(Anas Querquedula)
Gadwall                  Goldeneye

Otter Pool Zone - Slimbridge
The Garganey can be found in the Otter Pool Zone, SlimbridgeMap (Slimbridge)
Breeding Habitat
Nothern Europe, Denmark, parts of Scandinavia, Finland, Northern Turkey, across Asia and in Kamchatka and Sakhalin.
Winter Habitat or Migration Area
Winters in Southern Africa, India and Australasia.

Conservation Status

370mm to 410mm (15" to 16")

Appearance - Drake
The male has a Brown breast and head with a Dark Grey bill and a White crescent around the eye down to the nape. The upperparts are Dark Brown with lighter edges to the feathers, Black and White scapulars, Green speculum with light Grey flanks and belly. The legs and feet are Grey.

Appearance - Duck
The female is brownish with a dark crown and dark eye-stripe.

Grassland, Marshes and Lakes.

Aquatic Plants and Insects, Seeds, Grain, Molluscs and Crustanceans.

Breeding Time
From May onwards

The nest is built in a hollow made from grass and leaves and lined with feathers and down, usually concealed by vegetation/undergrowth.

Quantity: 9 to 10.
Colour: Creamy Buff.

Slimbridge Wildfowl G - L
Gadwall (Anas Strepera)
Garganey (Anas Querquedula)
Goldeneye (Bucephala Clangula)
Greater Flamingo (Phoenicopterus Roseus)
Greater Scaup (Aythya Marila)
Greater White-fronted Goose (Anser Albifrons)
Grey-crowned Crane (Balearica Regulorum)
Greylag Goose (Anser Anser)
Hardhead (Aythya Australis)
Hawaiian Goose (Nene) (Branta Sandvicensis)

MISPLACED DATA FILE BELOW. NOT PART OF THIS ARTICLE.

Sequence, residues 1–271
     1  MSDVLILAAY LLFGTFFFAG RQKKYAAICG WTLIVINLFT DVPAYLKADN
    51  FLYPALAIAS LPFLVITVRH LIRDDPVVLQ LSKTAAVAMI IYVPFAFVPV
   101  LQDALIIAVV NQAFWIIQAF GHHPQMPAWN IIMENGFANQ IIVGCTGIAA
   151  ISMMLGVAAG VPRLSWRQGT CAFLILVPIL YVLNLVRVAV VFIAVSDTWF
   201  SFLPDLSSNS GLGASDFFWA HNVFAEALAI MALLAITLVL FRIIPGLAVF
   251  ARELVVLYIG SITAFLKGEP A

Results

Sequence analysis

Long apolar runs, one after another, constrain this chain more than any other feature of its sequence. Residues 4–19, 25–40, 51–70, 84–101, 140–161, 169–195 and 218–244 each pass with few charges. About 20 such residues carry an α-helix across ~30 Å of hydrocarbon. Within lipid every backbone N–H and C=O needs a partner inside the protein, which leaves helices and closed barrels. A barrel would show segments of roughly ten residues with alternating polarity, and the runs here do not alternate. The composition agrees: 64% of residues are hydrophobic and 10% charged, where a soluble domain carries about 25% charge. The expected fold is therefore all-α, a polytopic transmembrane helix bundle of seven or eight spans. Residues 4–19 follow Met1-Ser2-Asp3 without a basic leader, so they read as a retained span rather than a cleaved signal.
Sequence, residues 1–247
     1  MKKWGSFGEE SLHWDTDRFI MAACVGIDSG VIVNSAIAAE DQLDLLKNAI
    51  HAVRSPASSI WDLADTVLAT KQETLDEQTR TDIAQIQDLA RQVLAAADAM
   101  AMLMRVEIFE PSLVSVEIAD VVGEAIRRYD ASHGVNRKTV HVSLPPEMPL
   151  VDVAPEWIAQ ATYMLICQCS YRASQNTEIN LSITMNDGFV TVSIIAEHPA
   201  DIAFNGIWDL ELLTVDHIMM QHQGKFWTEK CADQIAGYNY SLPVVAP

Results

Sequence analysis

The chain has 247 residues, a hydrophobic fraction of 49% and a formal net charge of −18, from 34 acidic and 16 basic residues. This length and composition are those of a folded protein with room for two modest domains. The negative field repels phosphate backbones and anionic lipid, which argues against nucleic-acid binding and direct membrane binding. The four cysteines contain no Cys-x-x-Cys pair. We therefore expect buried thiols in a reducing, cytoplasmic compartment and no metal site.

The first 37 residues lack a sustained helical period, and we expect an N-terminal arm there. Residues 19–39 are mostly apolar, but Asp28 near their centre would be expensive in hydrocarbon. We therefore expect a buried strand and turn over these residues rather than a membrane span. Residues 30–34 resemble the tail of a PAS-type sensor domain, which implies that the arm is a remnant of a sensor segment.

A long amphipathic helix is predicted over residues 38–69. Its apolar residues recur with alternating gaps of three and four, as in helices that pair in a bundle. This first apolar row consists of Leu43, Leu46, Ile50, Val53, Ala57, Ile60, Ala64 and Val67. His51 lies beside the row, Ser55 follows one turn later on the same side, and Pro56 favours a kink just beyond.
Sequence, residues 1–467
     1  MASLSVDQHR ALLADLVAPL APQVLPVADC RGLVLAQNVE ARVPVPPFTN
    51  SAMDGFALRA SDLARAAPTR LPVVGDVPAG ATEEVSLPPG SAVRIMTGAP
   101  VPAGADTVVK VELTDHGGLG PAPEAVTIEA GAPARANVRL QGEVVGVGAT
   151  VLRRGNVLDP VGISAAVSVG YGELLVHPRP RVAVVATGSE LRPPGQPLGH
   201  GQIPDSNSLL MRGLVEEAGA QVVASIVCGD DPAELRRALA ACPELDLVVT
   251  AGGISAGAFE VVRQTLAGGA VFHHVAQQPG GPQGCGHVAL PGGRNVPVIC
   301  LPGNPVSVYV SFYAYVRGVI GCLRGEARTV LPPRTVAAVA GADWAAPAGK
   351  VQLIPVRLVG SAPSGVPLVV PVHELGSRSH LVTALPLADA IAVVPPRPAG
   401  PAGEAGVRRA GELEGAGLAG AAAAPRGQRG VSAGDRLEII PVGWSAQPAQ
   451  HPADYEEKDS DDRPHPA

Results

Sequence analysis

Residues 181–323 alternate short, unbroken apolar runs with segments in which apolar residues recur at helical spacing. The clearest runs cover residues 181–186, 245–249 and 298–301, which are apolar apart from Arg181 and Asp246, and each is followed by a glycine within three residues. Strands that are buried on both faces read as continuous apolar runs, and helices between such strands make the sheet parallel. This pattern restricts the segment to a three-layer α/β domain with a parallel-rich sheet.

Hooded Merganser (Lophodytes Cucullatus)
James's Flamingo (Phoenicoparrus Jamesi)
Laysan Duck (Anas Laysanensis)
Lesser Flamingo (Phoenicopterus Minor)
Lesser Scaup (Aythya Affinis)
Lesser White-Fronted Goose (Anser Erythropus)
      Wildfowl (Listed Alphabetically)
       A-B  | C-F  | G-L  | M-R  | S-Z

Gadwall                  Goldeneye
©Nigel Key Garganey (Slimbridge March 2012)

The Garganey is a dabbling duck which breeds in Europe and Western Asia. They rarely breed in the British Isles but can be seen in Marshes of Norfolk and Suffolk.

A potential threat to the Garganey is the loss of habitat due to drainage of wetlands because of reclamation and irrigation.

The population of the Garganey has not shown any significant decline over several generations and is currently classed as Least Concern.
   Hear the Garganey's Call:-

Photographs ©Nigel Key, Click thumbnail to enlarge.
Garganey (Slimbridge March 2014) Garganey (Slimbridge May 2014) Garganey (Slimbridge May 2014)
Garganey (Slimbridge March 2012) Garganey (Slimbridge March 2012) Garganey (Slimbridge March 2012)
Garganey (Slimbridge April 2011) Garganey (Slimbridge April 2011) Garganey (Slimbridge March 2012)

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